There was a chance, as Tom Watson battled the late afternoon winds that gusted close to 40 mph on the back nine at St. Andrews, that he was going to grind his way inside the cutline, like he did at Pebble Beach for the U.S. Open.
The 60-year-old Watson had just birdied the ninth hole to get to 3-over, two strokes outside the cut in possibly his final British Open at the Old Course. (He won’t be exempt in 2015.) But after turning in six straight pars, his chances faded like the dimming light with back-to-back bogeys.
Standing on the 18th hole at 4-over for the championship, we all knew he would be making that pose on the Swilcan Bridge. Watson stooped over and kissed it, and then soaked in 35 years of thank yous as the crowd cheered and photographers clicked away, while he waved with both arms raised over his head. It was the perfect way to end Friday’s ESPN telecast.
Watson’s group was the last to finish on Friday, just before 10 p.m. local time. Watson saved one last magical shot for the fans waiting for him around the 18th green, as his pitch shot over the Valley of Sin tracked straight for the hole before hanging on the lip, nearly going in for an eagle.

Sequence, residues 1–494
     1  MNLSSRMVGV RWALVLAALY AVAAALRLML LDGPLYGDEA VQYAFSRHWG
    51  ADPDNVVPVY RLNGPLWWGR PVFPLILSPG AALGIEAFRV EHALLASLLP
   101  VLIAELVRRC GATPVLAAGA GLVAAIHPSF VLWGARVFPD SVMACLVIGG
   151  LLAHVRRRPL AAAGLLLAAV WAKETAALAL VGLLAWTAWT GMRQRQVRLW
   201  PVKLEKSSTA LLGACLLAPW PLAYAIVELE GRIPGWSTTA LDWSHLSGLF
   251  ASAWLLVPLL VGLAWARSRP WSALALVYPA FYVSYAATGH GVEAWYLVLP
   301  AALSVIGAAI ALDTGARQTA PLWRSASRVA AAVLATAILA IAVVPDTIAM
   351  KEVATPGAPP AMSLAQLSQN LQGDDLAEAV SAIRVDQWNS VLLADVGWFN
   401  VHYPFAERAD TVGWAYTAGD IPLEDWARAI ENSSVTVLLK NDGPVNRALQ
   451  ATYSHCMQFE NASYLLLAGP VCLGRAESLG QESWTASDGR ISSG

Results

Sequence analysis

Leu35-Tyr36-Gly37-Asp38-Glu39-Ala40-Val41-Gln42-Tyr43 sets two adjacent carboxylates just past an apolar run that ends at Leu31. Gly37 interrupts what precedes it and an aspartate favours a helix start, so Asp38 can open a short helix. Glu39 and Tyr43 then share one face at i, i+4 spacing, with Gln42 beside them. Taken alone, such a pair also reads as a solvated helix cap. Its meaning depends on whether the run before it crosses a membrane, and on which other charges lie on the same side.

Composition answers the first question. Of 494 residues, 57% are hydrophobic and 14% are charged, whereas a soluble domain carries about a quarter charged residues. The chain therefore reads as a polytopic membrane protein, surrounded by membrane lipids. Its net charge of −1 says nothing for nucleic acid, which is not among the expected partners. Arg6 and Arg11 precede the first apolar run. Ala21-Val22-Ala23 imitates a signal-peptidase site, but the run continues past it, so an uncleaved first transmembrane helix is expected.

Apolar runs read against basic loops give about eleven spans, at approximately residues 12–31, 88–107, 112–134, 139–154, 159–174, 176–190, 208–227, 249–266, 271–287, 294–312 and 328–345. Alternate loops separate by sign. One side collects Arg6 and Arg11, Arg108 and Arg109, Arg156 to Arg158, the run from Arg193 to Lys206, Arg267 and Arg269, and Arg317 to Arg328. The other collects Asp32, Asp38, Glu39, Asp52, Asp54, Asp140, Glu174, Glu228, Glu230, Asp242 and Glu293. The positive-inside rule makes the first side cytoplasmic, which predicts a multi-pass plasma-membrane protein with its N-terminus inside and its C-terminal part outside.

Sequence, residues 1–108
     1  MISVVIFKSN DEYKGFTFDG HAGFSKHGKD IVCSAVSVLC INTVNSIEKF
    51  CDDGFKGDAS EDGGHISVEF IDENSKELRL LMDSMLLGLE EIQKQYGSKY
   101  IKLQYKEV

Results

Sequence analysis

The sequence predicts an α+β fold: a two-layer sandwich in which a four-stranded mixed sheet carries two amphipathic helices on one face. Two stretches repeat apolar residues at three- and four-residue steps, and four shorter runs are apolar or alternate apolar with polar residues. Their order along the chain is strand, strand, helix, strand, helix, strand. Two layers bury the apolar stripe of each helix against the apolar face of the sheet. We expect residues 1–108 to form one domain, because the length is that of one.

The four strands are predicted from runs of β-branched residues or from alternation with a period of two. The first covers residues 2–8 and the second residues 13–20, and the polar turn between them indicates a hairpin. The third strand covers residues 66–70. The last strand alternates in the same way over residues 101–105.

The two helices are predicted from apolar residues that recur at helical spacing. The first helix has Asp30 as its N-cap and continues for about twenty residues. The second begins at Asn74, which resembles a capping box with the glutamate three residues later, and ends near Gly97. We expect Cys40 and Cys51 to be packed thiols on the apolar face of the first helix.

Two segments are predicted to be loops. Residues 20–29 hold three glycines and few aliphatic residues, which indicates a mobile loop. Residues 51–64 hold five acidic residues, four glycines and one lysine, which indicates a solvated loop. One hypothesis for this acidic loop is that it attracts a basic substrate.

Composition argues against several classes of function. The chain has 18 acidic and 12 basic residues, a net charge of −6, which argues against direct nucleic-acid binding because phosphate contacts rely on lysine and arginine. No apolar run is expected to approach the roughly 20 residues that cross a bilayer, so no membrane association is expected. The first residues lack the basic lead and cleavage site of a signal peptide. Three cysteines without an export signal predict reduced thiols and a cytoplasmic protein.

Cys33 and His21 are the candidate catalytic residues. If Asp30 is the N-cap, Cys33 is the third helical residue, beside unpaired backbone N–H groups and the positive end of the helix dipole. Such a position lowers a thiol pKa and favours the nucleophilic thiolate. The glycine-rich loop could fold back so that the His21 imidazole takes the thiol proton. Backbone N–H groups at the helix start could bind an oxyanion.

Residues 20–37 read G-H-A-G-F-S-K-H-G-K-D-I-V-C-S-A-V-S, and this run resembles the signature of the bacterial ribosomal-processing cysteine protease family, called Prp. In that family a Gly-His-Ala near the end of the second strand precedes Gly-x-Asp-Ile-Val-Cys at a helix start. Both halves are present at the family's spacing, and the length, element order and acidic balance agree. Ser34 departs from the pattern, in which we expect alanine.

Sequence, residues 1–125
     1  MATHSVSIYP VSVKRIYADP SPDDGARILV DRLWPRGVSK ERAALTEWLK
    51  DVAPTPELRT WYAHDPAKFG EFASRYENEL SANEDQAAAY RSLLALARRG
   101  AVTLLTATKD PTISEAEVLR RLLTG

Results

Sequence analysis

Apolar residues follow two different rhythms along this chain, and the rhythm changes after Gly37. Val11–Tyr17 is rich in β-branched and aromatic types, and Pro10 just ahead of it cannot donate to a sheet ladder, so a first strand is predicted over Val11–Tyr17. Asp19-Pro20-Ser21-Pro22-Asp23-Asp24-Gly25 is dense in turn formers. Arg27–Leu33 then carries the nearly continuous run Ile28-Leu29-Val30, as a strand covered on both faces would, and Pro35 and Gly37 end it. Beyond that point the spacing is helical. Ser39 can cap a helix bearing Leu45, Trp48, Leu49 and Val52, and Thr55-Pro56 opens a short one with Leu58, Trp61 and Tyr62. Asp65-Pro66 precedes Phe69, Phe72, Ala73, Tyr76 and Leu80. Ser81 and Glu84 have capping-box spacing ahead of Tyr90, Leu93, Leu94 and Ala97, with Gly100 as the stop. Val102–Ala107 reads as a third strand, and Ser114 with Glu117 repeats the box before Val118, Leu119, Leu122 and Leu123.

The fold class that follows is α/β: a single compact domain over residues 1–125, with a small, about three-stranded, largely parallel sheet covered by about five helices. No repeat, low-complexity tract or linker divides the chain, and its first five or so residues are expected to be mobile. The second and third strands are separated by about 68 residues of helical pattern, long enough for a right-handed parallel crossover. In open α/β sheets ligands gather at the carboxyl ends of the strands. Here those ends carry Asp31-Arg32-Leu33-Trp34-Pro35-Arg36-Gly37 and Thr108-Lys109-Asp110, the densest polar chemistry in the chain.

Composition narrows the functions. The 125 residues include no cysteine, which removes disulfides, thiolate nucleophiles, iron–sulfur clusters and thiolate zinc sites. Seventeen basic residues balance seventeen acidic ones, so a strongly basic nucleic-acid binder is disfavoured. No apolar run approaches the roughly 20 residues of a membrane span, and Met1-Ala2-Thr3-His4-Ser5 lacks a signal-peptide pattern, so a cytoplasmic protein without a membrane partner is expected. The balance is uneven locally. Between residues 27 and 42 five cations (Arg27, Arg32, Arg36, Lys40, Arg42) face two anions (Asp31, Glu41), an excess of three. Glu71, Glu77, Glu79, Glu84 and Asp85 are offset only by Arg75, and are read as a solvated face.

Watson finished with a birdie, just like Jack Nicklaus did during his final British Open at St. Andrews in 2000. Arnold Palmer also said goodbye to the British Open at St. Andrews in 1995.
Watson still has four more years left on his British Open exemption, thanks to the five-time champion’s second-place finish last year at Turnberry.
“I thought of Arnold (Palmer) on the bridge, I thought of Jack (Nicklaus) on the bridge, and their last Opens were both right here at St. Andrews,” Watson told reporters after carding a 75 for 148, 4 over par.”My last Open is not right here, the good Lord willing. The creek don’t rise, as they say, and I have a few more years left thanks to the R&A’s special exemption for me.”
But the home of golf won’t have another great like Watson to salute on the Swilcan Bridge for quite some time.
[AP Photo/Alastair Grant]